Just like that, I was a Christian. Back then, I didn’t really understand what that meant; I just wanted to find a place where I fit. This meant that I had to change.
I quickly realized that being a Christian was about being challenged and tested. Satan would give trials to people in the church, which God allowed because they would test and stretch the faith of believers. Four days after, February 23rd, was my first challenge. And while it hurt, I still chose to believe. It was better to believe in something than nothing at all. My continued belief in God despite circumstances beyond my control made me a stronger, better person, and He would love me more for my perseverance. At least that’s what I was told.
I stuck solidly with the Christian religion for eleven and a half years. I showed up to church nearly every Sunday, and I quite enjoyed it. I made friends; I got to sing in the choir or worship line of every church I attended. I was no longer regaled with tales of how matter was unreal, or forced to believe in a version of the Bible that didn’t make sense. I fit somewhere. Over that time period, I went to eight different churches. And I was tested. Oh, was I tested. I was told this meant I must be pretty special, that God had fantastic plans for me. But I always had trouble reconciling that statement. I was a good Christian, and I followed the rules. Don’t make a scene. Smile, nod. Respect your husband. Stick with the herd. Fit the mold.
Rape, child death, a horrible marriage. These were just a few select tests of many. Just a few parts of “God’s master plan.” I still stuck it out though, because I knew nothing else.
I loved the church where my ex was hired on staff. Were we still together, it would have been the church I stayed with forever. But staying together was not in the cards; my very identity rode on the mandate that we separate. I would be lost if we had stayed together. The Bible cites only two acceptable reasons for divorce: sexual immorality and spousal desertion. My reasons fell into neither of those categories. At first people were of the “who cares?” bracket: “Come to church anyway, you can sit in the back, nobody cares.” But in a rush soon after, both the public and social media de-friending began. I knew that my ex was sharing stories about me; after one initial (poorly formed) attempt, no one made an effort to hear my side. They simply turned their backs on me without seeking the truth, and I was not courageous enough or solid enough in who I was as my own person to force them to hear those details. People who had been my friends were now his, just like that. The division was very clear. The side that the church supported was very clear. And I left. That was three years ago.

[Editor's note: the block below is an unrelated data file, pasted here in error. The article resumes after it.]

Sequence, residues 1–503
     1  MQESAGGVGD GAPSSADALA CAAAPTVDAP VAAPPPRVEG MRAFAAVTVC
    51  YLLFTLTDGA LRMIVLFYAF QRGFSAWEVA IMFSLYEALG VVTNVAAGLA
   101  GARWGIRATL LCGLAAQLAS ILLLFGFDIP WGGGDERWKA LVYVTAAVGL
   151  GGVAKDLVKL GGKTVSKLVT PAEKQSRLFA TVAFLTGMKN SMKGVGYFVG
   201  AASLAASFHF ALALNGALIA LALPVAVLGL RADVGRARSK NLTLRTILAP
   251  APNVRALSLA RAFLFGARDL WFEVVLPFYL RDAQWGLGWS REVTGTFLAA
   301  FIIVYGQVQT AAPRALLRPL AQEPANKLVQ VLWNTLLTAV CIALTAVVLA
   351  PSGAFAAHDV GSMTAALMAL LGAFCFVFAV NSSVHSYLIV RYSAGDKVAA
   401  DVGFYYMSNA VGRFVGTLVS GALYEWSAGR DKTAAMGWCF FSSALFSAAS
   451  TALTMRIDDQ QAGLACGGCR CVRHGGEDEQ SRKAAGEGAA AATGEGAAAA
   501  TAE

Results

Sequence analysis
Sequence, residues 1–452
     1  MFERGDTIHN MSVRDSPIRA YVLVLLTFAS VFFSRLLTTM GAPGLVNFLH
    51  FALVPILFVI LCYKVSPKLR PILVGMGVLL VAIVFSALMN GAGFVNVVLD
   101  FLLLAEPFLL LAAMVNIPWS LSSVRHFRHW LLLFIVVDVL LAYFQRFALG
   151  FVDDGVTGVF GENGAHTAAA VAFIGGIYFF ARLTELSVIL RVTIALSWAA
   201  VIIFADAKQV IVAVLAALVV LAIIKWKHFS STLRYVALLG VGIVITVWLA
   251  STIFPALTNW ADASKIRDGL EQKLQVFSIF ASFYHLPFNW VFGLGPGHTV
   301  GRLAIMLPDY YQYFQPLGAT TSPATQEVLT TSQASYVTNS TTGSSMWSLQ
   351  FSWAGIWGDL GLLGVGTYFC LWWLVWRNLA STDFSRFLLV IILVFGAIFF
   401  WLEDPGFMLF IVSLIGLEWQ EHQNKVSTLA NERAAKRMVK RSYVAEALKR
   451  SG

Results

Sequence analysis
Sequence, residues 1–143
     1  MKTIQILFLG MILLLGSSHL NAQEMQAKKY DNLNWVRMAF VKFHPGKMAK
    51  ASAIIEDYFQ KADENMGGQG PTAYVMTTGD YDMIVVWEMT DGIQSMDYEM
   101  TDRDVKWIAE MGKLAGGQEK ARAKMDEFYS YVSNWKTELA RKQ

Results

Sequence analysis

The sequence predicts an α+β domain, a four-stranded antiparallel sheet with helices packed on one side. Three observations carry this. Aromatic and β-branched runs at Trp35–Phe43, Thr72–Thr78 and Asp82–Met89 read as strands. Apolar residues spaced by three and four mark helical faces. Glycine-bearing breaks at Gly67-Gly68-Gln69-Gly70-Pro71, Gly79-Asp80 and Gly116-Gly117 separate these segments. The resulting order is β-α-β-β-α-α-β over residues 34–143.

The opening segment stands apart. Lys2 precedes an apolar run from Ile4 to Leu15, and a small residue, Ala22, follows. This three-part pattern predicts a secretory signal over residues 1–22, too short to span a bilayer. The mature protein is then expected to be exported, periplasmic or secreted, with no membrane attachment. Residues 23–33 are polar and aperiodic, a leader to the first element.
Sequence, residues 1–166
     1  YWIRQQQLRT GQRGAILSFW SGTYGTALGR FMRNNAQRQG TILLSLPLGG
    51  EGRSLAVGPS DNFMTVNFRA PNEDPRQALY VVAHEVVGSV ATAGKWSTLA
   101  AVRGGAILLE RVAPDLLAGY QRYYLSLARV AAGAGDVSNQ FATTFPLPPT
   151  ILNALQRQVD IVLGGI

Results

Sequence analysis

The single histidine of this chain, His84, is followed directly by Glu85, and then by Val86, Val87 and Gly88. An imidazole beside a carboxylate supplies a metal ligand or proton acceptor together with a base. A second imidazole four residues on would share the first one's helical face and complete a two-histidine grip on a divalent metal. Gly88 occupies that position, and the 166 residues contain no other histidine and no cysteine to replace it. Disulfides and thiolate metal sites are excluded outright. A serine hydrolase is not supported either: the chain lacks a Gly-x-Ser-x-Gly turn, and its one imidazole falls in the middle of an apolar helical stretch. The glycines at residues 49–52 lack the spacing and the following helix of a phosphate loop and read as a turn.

In those three years, I have visited a myriad of churches, but none have been to my liking. All I see are people who are going to judge me as I was judged in the aftermath of the divorce. While I am well aware that this is a blanket statement and does not apply to all Christians, (I have met many good ones outside of the church setting), I still find myself unable to trust many of them. I am unable to settle on a church. I am unable to attend.
Christianity filled a hole for me when there was nothing else. Losing my church the way I did left a hole like no other.
I can’t say for one hundred percent certain where I am now religion wise, but that’s okay. I know that I believed in both of these religions for the wrong reasons: tiny Barbie toys, tasty food and fitting in. It isn’t that I don’t believe in God, per se. I do, though I sometimes wonder about the things He allows to happen in this world. I just struggle to put belief into organized religion at this point in my life. The church is supposed to be a place where everyone is accepted. I did nothing wrong in either church, but I was no longer accepted. I was treated horribly. I can’t be a part of that type of system anymore.
I believe that I am my own person. I don’t have to serve anyone else; I don’t have to conform to anyone else’s standards. I don’t have to blindly follow orders just because someone told me to. I am free to make my own decisions, to follow my own path. This path does not involve standing in anyone else’s shadow, or following anyone else’s ideals. It is about me being me, about me creating my own reality, about having my own ideas and sharing them. I can’t allow my decisions to be shaped by anyone else, not anymore. I believe that God should love me just the way I am, and that anyone who says otherwise is not worth the time it takes to hear their statement.
I am tired of being hurt. And to me, the benefits of not being hurt outweigh the risk of trying to make myself fit where I’m not sure I ever actually belonged.